THE BEST PICTURE PROJECT – ‘Schindler’s List’ (1993)

In 1994, the 66th Academy Awards ceremony was held at the Dorothy Chandler Pavilion in Los Angeles. Honouring the films released between January 1, 1993, and December 31, 1993, the awards were held on March 21. The ceremony was hosted by Whoopi Goldberg for the first time. Goldberg became not only the first solo female host, but also the first African-American host. It was reported Goldberg was only offered the position after Steve Martin, Bette Midler, and Johnny Carson all turned down the offer.

Holly Hunter and Emma Thompson were both double-acting nominees this year – the first time in Oscars history two performers achieved this rare honour. Hunter was nominated for Best Actress for The Piano, which she won, and Best Supporting Actress for The Firm. Thompson was nominated for Best Actress for The Remains of the Day and Best Supporting Actress for In the Name of the Father. She was unsuccessful in both categories.

With her nomination for Best Director for The Piano, Jane Campion became only the second woman to be nominated in this category. While Campion lost the award to Steven Spielberg, she did win Best Original Screenplay. At just 11 years-old, Anna Paquin became the second youngest winner of a competitive Oscar, after her win for Best Supporting Actress for The Piano.

Leading the way this year with an incredible 12 nominations was Steven Spielberg’s black-and-white Holocaust drama Schindler’s List. The film swept the awards, taking home seven Academy Awards including Best Picture, Best Director for Spielberg, Best Adapted Screenplay, Best Original Score, and Best Cinematography. It was a great night for Spielberg, with his other 1993 film, Jurassic Park, being the second most-honoured film of the night, taking out three Academy Awards for Best Sound, Best Sound Effects Editing, and Best Visual Effects.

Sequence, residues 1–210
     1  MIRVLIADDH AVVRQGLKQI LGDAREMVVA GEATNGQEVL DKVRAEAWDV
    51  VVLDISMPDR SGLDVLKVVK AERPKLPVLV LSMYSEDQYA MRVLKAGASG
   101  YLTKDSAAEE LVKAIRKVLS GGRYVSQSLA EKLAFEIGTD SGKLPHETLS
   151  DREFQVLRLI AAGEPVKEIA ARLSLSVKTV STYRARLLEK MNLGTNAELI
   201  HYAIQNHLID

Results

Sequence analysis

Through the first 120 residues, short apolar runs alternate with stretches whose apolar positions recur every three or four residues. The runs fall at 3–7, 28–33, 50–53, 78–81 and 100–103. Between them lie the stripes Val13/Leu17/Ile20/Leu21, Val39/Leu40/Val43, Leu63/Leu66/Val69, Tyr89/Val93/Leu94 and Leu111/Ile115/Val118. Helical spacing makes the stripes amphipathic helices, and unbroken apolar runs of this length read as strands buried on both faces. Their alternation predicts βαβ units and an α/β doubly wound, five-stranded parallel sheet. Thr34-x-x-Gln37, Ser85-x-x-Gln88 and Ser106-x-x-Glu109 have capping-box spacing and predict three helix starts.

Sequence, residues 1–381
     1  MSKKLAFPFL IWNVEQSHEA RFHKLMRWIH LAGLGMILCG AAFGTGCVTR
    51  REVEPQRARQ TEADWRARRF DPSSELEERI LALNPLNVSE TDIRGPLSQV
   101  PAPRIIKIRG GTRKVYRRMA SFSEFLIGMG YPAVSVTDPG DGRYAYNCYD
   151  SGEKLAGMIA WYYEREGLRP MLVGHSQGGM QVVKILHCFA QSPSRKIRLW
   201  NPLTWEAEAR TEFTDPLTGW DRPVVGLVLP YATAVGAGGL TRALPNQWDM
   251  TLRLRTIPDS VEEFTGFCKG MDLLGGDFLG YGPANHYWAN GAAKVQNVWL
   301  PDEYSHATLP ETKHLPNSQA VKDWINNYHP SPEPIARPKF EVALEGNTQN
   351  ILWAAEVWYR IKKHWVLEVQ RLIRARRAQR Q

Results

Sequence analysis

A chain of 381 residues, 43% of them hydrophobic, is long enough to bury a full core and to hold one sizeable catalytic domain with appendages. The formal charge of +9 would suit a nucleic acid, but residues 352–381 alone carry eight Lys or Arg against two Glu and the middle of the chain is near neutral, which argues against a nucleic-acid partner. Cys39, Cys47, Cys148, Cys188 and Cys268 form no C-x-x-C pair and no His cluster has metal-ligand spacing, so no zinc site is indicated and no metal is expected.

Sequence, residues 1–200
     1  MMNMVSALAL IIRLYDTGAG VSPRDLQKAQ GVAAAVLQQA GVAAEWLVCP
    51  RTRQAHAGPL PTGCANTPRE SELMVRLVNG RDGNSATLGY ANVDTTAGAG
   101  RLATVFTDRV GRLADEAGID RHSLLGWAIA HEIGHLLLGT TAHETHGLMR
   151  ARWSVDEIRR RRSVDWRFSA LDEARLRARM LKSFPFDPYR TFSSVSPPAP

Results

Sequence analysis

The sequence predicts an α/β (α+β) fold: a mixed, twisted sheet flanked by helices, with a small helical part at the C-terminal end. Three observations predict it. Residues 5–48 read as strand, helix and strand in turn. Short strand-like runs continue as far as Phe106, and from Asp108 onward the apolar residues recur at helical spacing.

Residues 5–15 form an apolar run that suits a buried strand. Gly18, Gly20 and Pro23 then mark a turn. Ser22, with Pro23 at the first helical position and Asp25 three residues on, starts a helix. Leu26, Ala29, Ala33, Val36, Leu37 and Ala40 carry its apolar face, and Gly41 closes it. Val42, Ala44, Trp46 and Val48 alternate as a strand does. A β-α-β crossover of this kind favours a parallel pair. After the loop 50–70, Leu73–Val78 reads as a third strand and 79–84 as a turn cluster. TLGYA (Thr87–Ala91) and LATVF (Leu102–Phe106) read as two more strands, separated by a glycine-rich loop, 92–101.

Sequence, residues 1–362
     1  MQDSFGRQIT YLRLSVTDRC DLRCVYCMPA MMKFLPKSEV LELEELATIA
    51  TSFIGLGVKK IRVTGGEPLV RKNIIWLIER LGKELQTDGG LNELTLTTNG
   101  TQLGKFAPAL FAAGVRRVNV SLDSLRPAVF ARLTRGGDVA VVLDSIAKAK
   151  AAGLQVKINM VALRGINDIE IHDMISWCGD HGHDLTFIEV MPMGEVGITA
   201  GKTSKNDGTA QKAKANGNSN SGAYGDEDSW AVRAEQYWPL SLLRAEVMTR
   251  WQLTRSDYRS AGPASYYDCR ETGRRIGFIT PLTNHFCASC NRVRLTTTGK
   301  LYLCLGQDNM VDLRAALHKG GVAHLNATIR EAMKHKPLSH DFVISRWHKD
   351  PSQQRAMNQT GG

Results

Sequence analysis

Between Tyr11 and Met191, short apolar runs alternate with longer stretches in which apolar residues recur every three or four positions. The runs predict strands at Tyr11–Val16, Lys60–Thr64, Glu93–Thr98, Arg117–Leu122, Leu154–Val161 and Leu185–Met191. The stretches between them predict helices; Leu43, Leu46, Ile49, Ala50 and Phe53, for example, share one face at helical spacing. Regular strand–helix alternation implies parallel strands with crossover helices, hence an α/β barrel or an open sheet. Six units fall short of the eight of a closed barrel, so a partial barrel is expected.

The nominees:
The Fugitive
In the Name of the Father
The Piano
The Remains of the Day
Schindler’s List

The winner:
Schindler’s List

Based on Thomas Kennelly’s 1982 novel Schindler’s Ark, Schindler’s List is the tragic retelling of the devastating impact of Hitler’s decimation of Polish Jews during the Holocaust. Businessman Oskar Schindler (Liam Neeson) arrives in Krakow in 1939, ready to make his fortune from World War II, which has just started. After joining the Nazi party primarily for political expediency, he staffs his factory with Jewish workers for similarly pragmatic reasons. When the SS begins exterminating Jews in the Krakow ghetto, Schindler arranges to have his workers protected to keep his factory in operation, but soon realizes that in so doing, he is also saving innocent lives.

Why did it win?
From the moment Steven Spielberg announced the production of Schindler’s List, a film he had been planning for over 10 years, it was all but predestined he would finally capture the Academy Awards which had alluded him his entire career. After almost two decades of losses, and several surprising nomination snubs, Spielberg was set to deliver a piece of cinema the Academy simply could not ignore. His time to be accepted into the club was here, at long last.

This is likely one Best Picture win that needs very little explaining behind its victory. Anyone who has seen this film knows why it won. It seems unfair to call Schindler’s List an Oscar-bait film. One likes to believe Spielberg’s truest intentions with making his masterpiece were not to win Oscars, no matter how desperately he wanted them. However, it’s difficult to avoid the film’s Oscar-baity elements generally associated with Best Picture winners. It was both a biopic and a portrait of one of the most tragic moments in modern history. It was shocking and confronting, while still being touching and uplifting. It was epic in both its scope and running time. And it was crafted by a director working outside the blockbuster genre he had helped define.